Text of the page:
A new type of scouting
Online scouting is nothing new but Lauke’s approach goes way beyond simply watching YouTube clips, and Professor Christoph Breuer from the Institute for Sports Economics and Management at the German Sports University in Cologne (DSHS) is impressed. “This type of scouting is only going to grow, not least due to continuing technological developments,” he says. “By setting certain parameters, a sort of pre-selection is made possible which can narrow down the field before a final personal decision.”
Leah Thorvilson is back in her element – back in competition. A three-man jury evaluates all the data until in December only three riders remain. Thorvilson is one of them. Having proved their physical capabilities, the focus is now personal qualities and characteristics. Can they function as part of a team? How do they deal with the media? “We invited all three women to produce a presentation about themselves – after all, it’s still a team sport and we need to be sure they’ll fit in,” says Lauke. And Thorvilson, as she did in so many marathons, left the competition trailing in her wake.
Now it’s time for her to prove herself against the established riders of the UCI Women’s Tour, where the competition has one distinct advantage: years of tactical experience in the saddle which Thorvilson still needs to learn. But Lauke isn’t worried. “Leah’s attitude in training is really good,” he says. “She works hard and is hungry to learn. She questions everything.” After the first few warm-up races of the season, the team manager is in a position to draw a few initial conclusions. “It will be difficult to have her ready to compete in the Belgian spring classics,” he says. “The conditions are too tough. But when the roads get wider and the ascents and descents start, I think she will surprise us.”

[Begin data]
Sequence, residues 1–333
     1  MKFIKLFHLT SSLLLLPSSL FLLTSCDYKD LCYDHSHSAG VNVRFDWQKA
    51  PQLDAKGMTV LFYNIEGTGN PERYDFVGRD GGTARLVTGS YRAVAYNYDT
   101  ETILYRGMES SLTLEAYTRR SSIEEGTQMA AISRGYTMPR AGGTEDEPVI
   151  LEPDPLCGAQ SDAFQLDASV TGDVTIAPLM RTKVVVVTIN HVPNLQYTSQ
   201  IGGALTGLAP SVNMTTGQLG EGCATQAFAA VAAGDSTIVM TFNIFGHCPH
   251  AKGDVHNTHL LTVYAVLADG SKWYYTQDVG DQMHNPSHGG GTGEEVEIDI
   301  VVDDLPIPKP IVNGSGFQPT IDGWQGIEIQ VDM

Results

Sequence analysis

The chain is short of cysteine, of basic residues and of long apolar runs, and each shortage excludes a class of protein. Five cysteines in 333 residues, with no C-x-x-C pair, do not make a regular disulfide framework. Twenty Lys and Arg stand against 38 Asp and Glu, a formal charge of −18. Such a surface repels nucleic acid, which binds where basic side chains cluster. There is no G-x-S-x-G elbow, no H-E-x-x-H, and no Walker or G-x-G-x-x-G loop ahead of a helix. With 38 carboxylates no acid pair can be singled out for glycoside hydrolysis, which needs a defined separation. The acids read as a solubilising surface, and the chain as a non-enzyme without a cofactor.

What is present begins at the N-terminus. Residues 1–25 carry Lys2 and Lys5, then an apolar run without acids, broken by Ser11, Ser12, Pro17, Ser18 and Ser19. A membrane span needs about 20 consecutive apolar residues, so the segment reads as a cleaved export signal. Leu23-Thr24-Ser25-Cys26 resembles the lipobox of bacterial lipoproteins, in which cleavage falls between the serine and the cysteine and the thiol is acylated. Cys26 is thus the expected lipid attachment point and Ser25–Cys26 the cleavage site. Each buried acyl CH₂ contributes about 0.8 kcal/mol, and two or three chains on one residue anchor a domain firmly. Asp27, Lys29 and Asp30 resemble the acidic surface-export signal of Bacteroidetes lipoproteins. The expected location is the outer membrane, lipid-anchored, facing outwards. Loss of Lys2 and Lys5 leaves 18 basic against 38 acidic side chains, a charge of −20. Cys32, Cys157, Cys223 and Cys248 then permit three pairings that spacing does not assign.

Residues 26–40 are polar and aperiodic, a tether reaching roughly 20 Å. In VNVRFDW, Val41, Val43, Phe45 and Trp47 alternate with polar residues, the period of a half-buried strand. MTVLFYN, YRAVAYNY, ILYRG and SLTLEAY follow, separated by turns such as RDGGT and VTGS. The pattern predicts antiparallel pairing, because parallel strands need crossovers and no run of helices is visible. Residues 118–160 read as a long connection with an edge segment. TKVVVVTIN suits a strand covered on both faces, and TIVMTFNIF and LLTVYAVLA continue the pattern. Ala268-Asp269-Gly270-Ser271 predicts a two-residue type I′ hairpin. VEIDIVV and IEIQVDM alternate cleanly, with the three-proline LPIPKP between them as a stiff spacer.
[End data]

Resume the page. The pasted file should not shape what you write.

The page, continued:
Giving up work in pursuit of a dream
Is digital scouting the future? Lauke already sees signs of progress. “I know that some national teams are considering using these methods when putting together their squads,” he explains. “It was only a year ago that colleagues still scoffed at the idea. But now all the girls are happy that Leah is part of the team. Having come from outside of cycling, she looks at things differently and gives the team different ideas, which is a positive thing.”
Academic Christoph Breuer can also see advantages. “All I need to do as a scout is process and evaluate the data provided by the athlete, saving me money and time, since I no longer need to travel the world to see athletes in the flesh. These are key advantages.”
Thorvilson will have to give up her position as head of a development group at Arkansas University – life as a professional cyclist is just too time-consuming. But at least she can afford the adventure. She’s paid off her mortgage and thankfully does not have outstanding debts, since professional cycling contracts don’t pay that well. Not that the money matters for Leah Thorvilson, sport is her life.